Naomi Wadler is only 11 years old — and she’s already speaking to an international audience about gun violence in America.
“I represent the African-American women who are victims of gun violence, who are simply statistics instead of vibrant, beautiful girls full of potential,” Wadler, from Alexandria, Virginia, said. “For far too long, these black girls and women have been just numbers. I am here to say never again for those girls too.”
Most gun violence in the US disproportionately affects black communities. In 2016 (the latest full year for which data is available), for example, more than 52 percent of murder victims (73 percent of whom were killed by guns) were black, even though black people only make up about 13 percent of the general population.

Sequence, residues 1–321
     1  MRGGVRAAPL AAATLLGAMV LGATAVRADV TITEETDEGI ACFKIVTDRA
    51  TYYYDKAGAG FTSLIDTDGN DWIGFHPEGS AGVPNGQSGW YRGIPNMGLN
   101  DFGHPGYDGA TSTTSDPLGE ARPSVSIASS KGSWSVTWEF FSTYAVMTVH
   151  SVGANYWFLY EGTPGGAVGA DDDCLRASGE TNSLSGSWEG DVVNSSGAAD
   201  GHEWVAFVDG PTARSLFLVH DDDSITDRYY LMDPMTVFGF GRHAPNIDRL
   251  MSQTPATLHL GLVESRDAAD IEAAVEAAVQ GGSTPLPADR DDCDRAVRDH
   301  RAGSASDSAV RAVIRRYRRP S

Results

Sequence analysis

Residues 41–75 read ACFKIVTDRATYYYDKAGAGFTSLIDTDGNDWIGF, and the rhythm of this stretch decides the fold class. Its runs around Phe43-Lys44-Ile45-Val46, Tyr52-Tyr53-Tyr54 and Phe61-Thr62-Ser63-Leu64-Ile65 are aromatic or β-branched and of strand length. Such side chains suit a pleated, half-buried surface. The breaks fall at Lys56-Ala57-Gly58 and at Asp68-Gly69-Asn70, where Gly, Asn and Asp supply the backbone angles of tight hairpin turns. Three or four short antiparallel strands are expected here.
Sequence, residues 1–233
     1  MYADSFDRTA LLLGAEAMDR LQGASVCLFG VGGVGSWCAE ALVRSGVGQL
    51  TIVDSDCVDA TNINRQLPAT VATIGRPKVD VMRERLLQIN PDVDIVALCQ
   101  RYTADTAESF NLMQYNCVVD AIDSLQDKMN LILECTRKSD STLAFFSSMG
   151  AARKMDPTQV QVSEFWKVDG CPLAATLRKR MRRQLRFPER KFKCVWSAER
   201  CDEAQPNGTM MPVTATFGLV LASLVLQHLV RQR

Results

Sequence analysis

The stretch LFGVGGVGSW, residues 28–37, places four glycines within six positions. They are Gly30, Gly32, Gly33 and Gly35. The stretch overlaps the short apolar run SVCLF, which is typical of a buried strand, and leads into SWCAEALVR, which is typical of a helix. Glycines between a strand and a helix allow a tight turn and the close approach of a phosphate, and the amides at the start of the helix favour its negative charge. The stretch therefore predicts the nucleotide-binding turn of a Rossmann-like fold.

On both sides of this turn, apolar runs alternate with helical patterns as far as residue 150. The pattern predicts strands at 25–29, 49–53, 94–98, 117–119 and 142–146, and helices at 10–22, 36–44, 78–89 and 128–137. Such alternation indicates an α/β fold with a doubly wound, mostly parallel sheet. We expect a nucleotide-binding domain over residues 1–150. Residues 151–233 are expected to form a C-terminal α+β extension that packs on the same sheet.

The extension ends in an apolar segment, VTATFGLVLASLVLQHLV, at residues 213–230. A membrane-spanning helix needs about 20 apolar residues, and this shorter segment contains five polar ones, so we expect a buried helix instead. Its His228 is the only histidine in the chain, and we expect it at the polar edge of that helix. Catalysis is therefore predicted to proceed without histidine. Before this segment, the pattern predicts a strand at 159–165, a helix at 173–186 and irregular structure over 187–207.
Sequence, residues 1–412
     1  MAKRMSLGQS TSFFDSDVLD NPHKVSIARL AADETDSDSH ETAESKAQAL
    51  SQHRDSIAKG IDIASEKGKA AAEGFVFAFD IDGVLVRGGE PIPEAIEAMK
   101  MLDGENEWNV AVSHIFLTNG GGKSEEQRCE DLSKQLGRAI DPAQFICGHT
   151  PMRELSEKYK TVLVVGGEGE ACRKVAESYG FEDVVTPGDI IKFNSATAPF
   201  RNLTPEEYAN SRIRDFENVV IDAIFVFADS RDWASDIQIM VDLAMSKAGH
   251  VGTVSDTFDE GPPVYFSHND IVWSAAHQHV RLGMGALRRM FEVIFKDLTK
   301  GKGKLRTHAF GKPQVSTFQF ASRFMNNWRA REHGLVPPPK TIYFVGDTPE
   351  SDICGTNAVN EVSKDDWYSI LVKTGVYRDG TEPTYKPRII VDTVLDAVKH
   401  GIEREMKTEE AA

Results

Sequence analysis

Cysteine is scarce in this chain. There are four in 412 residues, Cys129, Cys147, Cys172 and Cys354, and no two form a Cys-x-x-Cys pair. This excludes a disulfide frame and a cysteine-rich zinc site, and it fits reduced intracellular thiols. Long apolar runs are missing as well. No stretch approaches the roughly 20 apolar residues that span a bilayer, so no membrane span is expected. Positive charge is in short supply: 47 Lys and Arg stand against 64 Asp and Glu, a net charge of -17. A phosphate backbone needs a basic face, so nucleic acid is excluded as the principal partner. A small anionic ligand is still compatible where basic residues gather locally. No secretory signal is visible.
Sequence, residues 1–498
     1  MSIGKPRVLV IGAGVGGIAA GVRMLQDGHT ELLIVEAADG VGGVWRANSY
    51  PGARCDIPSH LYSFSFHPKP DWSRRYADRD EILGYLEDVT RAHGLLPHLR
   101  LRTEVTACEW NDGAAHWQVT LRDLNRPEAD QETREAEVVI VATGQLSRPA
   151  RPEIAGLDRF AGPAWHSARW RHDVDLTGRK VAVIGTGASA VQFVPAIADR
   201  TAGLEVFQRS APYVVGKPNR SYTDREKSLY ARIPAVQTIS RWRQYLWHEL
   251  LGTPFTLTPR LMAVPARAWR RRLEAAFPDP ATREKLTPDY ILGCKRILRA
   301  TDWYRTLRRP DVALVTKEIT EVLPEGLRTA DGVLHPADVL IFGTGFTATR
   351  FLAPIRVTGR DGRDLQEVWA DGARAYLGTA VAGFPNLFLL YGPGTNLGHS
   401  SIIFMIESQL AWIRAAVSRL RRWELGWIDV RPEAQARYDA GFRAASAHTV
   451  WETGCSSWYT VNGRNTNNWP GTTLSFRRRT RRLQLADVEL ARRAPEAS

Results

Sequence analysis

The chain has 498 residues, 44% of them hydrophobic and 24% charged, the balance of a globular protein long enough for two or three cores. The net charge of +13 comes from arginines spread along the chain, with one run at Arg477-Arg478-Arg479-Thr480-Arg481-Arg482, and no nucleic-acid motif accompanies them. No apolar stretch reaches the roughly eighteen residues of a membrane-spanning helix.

These deaths could stand to get more political and policy attention — because we know of policies, including gun control, that could reduce them. But as Wadler pointed out, they rarely do.
It’s hard to ignore the racial element here: The majority of Americans are white, and it’s possible they might simply care less about black victims. We know, after all, that racial biases make white Americans more likely to perceive black people as less innocent and as criminals, which may, in some people’s minds, make these victims more deserving of the gun violence in their communities.
So except for local news coverage and conservative political pontificating about black-on-black crime, the more common everyday deaths seldom get much media coverage and the public at large rarely seems to care.
For more on America’s gun problem, read Vox’s explainer.